Do You Have Lunch With A Crazy Person?

How is your mental health?

I don’t usually come up against moral dilemmas when out with my daughters thrift shopping. The shop has changed hands and no longer can I depend fully on the place to outfit me. I suppose it’s not a terrible thing to buy new clothes from real stores, but still.

We left a little disappointed and with empty hands and walked up the street toward our car. I had noticed an older lady outside of an empty storefront with what looked like a small rummage sale of framed paintings and other trinkets at her feet as we had driven into town but hadn’t thought much of it. In Upstate New York many storefronts are empty and people often have junk sales.

As we approached the lady who was pulling weeds from between the cracks of the sidewalk she engaged us in small talk about the town’s inability to compete with Saratoga Springs because the local government refused to learn about historical zoning and markers. She told us how she had lovingly restored seven houses in the area to their period correct beauty.

She hooked me on many levels–old houses, inept government, nineteenth century period-correctness. She was also beautiful with wavy mid-length silver hair and large and bright hazel eyes. Within a few moments she told us she was in her late seventies.

Claire bragged about the way her ass looked in the black leggings she wore quite well. She said it was due to genetics and keeping active and interested in life. With a dramatic wave of the arm she pointed to the paintings on the sidewalk and the photographs taped to the window of the storefront.

The Grieving Process

“Henry died this year,” she told us as she pointed to an obituary cut from the newspaper.

I scanned it. Henry loved dancing, old cars and the local Catholic church. The pictures showed a very handsome older man — the kind of man who possibly loved too many women at once.

Claire started stories about her time as a frumpy teacher. Stories about raising daughters alone after her second husband ran off with her best friend. About her first husband’s death in Vietnam. About her opinions on politics.

I mentioned that we didn’t have much in common politically. We both agreed that this was not a problem and that mature adults should be able to discuss ideas without having the ideas poison relationships. Since this attitude pleased us both we agreed to be friends and possibly to go to lunch and have margaritas.

“I was a frump until I met Henry,” she said wistfully. “He made me beautiful.” She pointed to one picture where she did look a bit frumpy and then another of her and Henry at some sort of garden party. In this photo she wore a form-fitting red dress and a confident expression of being loved on her face. Henry looked proud and happy too.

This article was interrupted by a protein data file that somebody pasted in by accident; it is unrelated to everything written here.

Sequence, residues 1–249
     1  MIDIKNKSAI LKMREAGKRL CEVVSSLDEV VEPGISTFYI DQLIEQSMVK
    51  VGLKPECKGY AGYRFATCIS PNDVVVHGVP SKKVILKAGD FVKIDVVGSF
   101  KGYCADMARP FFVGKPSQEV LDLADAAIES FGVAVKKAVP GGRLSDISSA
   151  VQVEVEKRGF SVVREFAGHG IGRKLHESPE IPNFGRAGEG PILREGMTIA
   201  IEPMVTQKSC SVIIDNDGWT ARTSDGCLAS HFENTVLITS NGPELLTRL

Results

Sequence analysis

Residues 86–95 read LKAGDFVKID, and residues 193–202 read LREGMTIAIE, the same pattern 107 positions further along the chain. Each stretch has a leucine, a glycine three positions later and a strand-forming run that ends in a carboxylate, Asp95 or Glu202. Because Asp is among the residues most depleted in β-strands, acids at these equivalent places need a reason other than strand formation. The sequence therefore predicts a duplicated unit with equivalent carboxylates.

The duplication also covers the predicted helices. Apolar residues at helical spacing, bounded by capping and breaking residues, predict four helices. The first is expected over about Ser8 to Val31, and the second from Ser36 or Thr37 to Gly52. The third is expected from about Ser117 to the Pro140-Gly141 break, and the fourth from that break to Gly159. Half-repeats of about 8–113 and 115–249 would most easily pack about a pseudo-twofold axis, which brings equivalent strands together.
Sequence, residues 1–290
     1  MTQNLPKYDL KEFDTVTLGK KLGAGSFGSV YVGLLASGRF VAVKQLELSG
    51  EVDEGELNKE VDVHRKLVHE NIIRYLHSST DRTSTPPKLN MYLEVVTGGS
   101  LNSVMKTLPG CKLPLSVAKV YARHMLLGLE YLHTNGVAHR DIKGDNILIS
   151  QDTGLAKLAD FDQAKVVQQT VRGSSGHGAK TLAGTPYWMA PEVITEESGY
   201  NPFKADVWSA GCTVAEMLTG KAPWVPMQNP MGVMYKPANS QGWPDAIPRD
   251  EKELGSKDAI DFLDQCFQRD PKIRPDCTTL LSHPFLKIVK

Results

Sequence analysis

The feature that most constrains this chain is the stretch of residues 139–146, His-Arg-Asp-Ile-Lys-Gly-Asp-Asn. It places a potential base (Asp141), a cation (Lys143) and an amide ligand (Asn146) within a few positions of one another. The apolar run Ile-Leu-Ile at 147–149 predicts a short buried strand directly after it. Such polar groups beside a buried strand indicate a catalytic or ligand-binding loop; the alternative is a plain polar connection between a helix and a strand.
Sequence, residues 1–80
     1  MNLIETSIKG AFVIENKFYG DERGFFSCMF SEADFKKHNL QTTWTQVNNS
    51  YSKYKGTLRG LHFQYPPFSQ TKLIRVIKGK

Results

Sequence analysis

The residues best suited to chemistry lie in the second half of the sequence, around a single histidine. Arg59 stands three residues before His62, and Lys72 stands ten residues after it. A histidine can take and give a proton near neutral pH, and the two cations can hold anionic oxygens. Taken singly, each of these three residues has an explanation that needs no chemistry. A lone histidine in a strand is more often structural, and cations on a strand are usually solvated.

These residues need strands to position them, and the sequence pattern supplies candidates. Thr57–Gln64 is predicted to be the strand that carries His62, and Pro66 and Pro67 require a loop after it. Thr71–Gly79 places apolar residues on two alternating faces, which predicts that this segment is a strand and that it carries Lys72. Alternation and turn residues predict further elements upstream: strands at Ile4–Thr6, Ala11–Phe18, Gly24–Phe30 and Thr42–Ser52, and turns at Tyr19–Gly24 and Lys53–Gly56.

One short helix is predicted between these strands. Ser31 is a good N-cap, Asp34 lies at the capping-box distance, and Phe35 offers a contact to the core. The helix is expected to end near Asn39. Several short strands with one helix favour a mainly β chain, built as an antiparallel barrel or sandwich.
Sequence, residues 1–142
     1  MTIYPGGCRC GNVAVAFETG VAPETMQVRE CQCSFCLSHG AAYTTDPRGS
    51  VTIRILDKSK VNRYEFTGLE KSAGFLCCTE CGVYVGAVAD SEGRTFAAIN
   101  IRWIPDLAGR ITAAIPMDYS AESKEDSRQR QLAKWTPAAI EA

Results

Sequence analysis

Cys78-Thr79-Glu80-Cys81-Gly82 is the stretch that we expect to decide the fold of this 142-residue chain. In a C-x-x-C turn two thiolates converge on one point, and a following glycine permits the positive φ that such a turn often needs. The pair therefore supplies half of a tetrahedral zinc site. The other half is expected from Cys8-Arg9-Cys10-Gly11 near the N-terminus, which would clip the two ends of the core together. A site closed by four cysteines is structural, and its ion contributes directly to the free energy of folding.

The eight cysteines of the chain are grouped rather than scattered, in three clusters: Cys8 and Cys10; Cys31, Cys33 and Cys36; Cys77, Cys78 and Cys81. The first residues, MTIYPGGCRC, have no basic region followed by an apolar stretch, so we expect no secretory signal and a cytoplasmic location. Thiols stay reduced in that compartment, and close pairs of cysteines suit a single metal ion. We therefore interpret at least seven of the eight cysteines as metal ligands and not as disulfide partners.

“So after your horrible second marriage you finally found happiness,” I said.

Her eyes clouded for a second. “No, it wasn’t always happy.” Claire looked as if lost for a moment but recovered. “So when do you want to do lunch?”

Just then the owner of the thrift store called to me from down the road. “Adrienne, you left something in here!”

I knew I hadn’t bought anything. My daughters looked equally confused. A different lady from the store came out now and called me again. Claire turned her attention to my daughters, asking them about school and such. I strolled down the street to retrieve whatever it was that I’d left behind.

“She’s crazy,” the shop-owner said. “We all loved and knew Henry, but since his death Claire has been terrible. She accosts anyone who walks by the building she and Henry own. Henry left her underwater financially. She tells everyone she’s going to run for mayor. He had her put away a few times. We knew you and the girls would be too nice to step away, but she’ll keep you for hours if you let her.”

I had noticed that her stories trailed off and circled back, but she was colorful and interesting. I thought lonely and grieving. I called to the girls, waved a good-bye to Claire as she kissed the girls as if she’d known them for years and we drove off.

I checked the time and we had indeed been talking to her for almost an hour. I’d actually enjoyed the idea of Mexican food and drink with her. I loved that she was open to discussing politics although we were diametrically opposed on most issues. But she was crazy — or so it was said and I had run off to escape it — partially to please the shop-keepers.

How can you tell if someone is mentally ill?

Okay. So she did seem a little scattered. She did consume most of the air-time in conversation but … maybe she was terribly lonely … and grieving. Maybe she was crazy and needed to be checked into a mental health facility …

I live with a girl who has been checked into mental health facilities. Should I have run from her. We jokingly say yes on some days.

What if good old Henry wasn’t perfect? What if Claire had been hurt enough times that she became unhinged every so often? What if Claire is actually right that the town doesn’t know how to manage its affairs?

Why does this lonely, creative and possibly crazy woman haunt me?


So here’s what I’m wondering:

Would you have lunch with someone who is mentally ill?

Do you chance it?

Do you take the shopkeeper’s warning to clear out as fast as you can?

Who is responsible for befriending a woman like this?

How crazy is too crazy to hang out with?


Further reading:









Grace upon Grace

Joseph Mohr stood in silent awe of the bright stars hanging over the snow-blanketed countryside of Oberndorf, a village near Salzburg, Austria one night. Possibly his mind wandered back to his youth or even to earlier times as a baby when his mother was alone with him and wondering if the soldier she did not marry but loved could really have deserted her in her shame.